/ Instead of fierce opponents; or
/ Give cause to lengthen out a war
/ Of opposite opinions, more
/ Than needful, to clear up some point,—
/ Though simple, yet with knotty joint,
/ Grown harder, as ’tis clad with words,
Lines — On hearing of the Demise of Dr. F. Logan, R.N., May 24, 1862, Aged 84 in The New Zealand Survey
- Thus Doctor Logan was a special friend
/ Whose friendship gave in converse more than wealth
/ Could yield:
Stanzas — To the Memory of Wm. Swainson, Esq., F.R.S. &c., — Departed hence, December 7, 1855 in The New Zealand Survey
- Here let me close this poor imperfect strain—
/ Poor, when compared with his attainments high;
/ Imperfect, when contrasted to that joy
/ His friendship gave;—though late I such did gain,
/ And shortlived, yet it was worthy:—social tie!
/ That grateful feelings ne’er can sleight, but steadfast such retain!
- His garden and his book, familiar friends!
/ With him, no other could their place supplant;
/ As these his sources were, whence ev’ry want
- Though ye may mourn his loss, ye must approve
/ Of his advancement to a brighter sphere!
/ Although such loss is worthy of a tear,
/ Yet his removal to those realms above
/ Where bliss prevails, your friendship, as sincere,
/ Will give congratulations due, as proof of social love.
Canto Third in The Philosophy of Love. [A Plea in Defence of Virtue and Truth!] A Poem in Six Cantos, with Other Poems
- Such leads to closer friendship, which results
/ In truth’s foreshaddow’d hymenial bliss!
/ What blest results! when confidential truth
/ Becomes the basis of sweet union’s joys;
/ ’Tis bliss to both, compared to those enjoy’d
/ In former state, of an expectant kind,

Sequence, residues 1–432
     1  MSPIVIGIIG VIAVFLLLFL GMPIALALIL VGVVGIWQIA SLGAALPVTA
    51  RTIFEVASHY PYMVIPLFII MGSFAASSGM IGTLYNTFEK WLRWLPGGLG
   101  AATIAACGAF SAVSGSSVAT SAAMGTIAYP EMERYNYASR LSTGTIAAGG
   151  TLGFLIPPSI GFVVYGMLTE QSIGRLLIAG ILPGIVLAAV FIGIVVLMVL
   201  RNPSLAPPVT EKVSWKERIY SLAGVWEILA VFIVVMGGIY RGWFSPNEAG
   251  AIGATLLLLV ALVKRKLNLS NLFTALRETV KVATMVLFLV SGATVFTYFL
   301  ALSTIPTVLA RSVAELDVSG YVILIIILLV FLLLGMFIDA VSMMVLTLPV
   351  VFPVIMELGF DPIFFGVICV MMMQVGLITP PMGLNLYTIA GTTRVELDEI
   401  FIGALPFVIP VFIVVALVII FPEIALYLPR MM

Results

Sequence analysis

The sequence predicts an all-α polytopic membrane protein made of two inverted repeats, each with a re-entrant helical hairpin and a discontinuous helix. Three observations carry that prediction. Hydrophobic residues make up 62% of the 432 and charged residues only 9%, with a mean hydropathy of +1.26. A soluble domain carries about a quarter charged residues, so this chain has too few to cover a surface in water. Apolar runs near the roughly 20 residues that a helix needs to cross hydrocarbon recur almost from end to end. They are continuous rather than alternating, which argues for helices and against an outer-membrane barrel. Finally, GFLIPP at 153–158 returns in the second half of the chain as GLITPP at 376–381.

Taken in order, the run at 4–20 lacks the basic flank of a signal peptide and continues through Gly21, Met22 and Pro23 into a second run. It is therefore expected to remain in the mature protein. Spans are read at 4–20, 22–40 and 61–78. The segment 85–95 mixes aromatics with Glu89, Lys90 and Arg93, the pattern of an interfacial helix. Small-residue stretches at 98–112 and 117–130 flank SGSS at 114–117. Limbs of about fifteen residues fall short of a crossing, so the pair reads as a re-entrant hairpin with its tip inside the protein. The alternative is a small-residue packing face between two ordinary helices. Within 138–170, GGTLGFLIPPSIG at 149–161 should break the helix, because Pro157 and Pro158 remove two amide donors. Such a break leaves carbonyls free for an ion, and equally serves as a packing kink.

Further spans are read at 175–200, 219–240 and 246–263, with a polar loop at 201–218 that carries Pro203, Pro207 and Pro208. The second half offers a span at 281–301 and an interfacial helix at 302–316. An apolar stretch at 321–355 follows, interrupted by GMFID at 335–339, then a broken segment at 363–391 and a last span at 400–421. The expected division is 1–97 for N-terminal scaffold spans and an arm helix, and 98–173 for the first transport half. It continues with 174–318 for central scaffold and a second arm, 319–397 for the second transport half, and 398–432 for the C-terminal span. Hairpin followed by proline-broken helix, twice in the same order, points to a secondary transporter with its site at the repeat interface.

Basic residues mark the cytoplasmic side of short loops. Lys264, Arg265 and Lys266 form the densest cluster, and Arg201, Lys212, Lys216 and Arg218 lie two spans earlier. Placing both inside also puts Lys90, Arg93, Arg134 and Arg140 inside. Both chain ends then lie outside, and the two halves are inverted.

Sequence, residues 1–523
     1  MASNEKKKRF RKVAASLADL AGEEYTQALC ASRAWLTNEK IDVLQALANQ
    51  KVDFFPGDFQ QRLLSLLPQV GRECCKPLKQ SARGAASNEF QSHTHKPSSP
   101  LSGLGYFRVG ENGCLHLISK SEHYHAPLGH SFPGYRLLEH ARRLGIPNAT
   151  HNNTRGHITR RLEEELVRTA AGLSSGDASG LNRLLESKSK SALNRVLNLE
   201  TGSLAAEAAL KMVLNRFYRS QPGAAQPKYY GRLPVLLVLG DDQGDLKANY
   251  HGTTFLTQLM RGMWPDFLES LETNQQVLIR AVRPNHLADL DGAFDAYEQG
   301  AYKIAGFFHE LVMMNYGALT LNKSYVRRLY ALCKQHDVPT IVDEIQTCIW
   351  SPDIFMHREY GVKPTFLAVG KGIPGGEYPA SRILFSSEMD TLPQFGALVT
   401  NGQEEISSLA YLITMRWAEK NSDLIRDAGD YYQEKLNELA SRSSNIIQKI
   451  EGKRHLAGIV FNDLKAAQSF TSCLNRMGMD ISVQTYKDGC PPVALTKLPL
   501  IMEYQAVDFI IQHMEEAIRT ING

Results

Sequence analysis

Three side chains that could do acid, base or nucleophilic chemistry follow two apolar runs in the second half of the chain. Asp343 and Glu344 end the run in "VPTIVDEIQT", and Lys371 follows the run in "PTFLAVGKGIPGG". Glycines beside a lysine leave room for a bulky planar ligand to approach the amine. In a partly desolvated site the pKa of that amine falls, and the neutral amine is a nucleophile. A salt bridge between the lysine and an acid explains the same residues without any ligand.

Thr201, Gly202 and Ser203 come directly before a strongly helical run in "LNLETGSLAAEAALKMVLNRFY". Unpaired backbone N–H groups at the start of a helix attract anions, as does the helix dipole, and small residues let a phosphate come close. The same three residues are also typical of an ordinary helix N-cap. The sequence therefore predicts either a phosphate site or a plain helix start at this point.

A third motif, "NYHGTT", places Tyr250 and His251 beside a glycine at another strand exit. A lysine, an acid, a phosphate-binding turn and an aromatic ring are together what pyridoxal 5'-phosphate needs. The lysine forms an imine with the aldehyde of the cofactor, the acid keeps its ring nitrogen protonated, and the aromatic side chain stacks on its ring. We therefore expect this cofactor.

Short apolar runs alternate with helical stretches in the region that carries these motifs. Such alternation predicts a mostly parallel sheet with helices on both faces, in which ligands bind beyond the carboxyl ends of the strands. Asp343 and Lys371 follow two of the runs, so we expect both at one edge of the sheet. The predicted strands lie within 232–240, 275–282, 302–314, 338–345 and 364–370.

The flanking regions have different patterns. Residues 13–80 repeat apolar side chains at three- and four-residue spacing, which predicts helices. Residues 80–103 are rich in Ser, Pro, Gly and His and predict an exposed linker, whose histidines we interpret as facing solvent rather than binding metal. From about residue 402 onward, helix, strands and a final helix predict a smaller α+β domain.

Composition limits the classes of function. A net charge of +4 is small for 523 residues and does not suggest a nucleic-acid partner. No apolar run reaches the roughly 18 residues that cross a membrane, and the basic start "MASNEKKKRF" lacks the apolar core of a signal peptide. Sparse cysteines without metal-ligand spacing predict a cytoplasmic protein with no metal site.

/ When little jealouses were apt to blight
/ The fondest hopes the heart could e’er maintain!
/ Now in each other’s company can each
/ Rewarded feel, as truly bosom-friends!
/ True Love and Prudence when together join’d
/ In social harmony, can never fail
/ To gain the best results.
Canto Second in The Philosophy of Love. [A Plea in Defence of Virtue and Truth!] A Poem in Six Cantos, with Other Poems
- How good is love, reciprocated love:
/ When hearts are knit together, with that tie,
/ Which binds there closely to the throne of Heaven!
/ Such happy union Heaven can best approve;
/ Such happy pair can through life’s pilgrimage
/ Go hand in hand companions;—bosom friends
/ In every time of need; and ready be
/ To hold each other up, should adverse things
/ Their steps waylay: or cheer each other on,
/ Where aught, which tends to grieve, might them befall:
/ Such fellowship, how happy! ’Tis foretaste
/ Of bliss beyond the confines of this world!
Canto First in The Philosophy of Love. [A Plea in Defence of Virtue and Truth!] A Poem in Six Cantos, with Other Poems
- Such was the grand connecting link, which bound
/ To Heaven, earth, and all created things.
/ Love, pure untarnish’d love, like what exists
/ In souls seraphic, was the medium bond
Canto Sixth in The Philosophy of Love. [A Plea in Defence of Virtue and Truth!] A Poem in Six Cantos, with Other Poems
- To part with friends, our common friends, is sad:
/ But, when we’re disappointed in the hopes
/ We entertain’d of dearest friendship’s growth,
/ In those we thought our happiness enshrined,
/ For whom, affections glow’d within our hearts
/ Such is a trial painful to endure!